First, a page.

Individual study: Enhancement of whooping crane Grus americana recruitment by egg removal, Wood Buffalo National Park, Alberta and Northwest Territories, Canada
Boyce M.S., Lele S.R. & Johns B.W. (2005) Whooping crane recruitment enhanced by egg removal. Biological Conservation, 126, 395-401
This study is summarised as evidence for the intervention(s) shown on the right. The icon shows which synopsis it is relevant to.
Remove eggs from wild nests to increase reproductive output
A replicated controlled study in Northwest Territories and Alberta, Canada, between 1967 and 1996 (Boyce et al. 2005) found that the reproductive success of wild whooping cranes Grus americana was higher for nests that had one of two eggs removed, compared to control nests. Both recruitment of juveniles to the population and survival until August (eggs were removed in May) were higher (50% chance of recruitment from nests with eggs removed vs. 39% for unmanipulated nests). A total of 496 eggs were removed from wild nests in the study period, representing 62% of all crane nests during this time period. The success of artificially incubating and rearing the removed eggs is discussed in Kuyt (1996) in ‘Captive breeding, rearing and releases (ex situ conservation)’.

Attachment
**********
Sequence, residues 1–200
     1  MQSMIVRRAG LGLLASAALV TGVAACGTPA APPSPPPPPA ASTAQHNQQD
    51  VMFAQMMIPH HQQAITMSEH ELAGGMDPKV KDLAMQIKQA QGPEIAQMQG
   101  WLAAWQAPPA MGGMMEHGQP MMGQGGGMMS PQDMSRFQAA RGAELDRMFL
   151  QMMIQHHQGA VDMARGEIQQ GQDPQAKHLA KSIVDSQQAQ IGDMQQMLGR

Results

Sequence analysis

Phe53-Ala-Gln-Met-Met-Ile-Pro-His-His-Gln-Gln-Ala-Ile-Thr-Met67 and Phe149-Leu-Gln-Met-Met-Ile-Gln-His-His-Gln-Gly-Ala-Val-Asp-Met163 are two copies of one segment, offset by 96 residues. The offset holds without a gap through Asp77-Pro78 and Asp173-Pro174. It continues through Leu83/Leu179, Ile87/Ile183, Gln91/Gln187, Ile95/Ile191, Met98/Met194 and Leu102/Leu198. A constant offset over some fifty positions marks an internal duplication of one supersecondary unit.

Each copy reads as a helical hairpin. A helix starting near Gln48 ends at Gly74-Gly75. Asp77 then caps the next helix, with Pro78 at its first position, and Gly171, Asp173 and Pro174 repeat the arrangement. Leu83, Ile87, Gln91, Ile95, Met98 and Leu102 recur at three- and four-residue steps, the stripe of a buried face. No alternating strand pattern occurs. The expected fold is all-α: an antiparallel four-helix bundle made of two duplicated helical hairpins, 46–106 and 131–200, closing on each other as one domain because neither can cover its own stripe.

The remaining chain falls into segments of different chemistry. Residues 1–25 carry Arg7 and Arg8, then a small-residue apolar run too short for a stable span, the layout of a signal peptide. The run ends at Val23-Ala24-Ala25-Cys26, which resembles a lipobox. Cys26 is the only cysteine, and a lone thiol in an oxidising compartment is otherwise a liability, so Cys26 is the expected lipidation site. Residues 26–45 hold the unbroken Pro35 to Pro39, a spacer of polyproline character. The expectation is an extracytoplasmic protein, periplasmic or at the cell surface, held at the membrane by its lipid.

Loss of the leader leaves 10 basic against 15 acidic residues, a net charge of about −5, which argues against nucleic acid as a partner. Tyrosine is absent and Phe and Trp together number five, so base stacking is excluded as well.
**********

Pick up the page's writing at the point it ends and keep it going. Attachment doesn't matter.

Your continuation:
Kuyt, E. (1996) Reproductive manipulation in the whooping crane Grus americana. Bird Conservation International, 6, 3–10.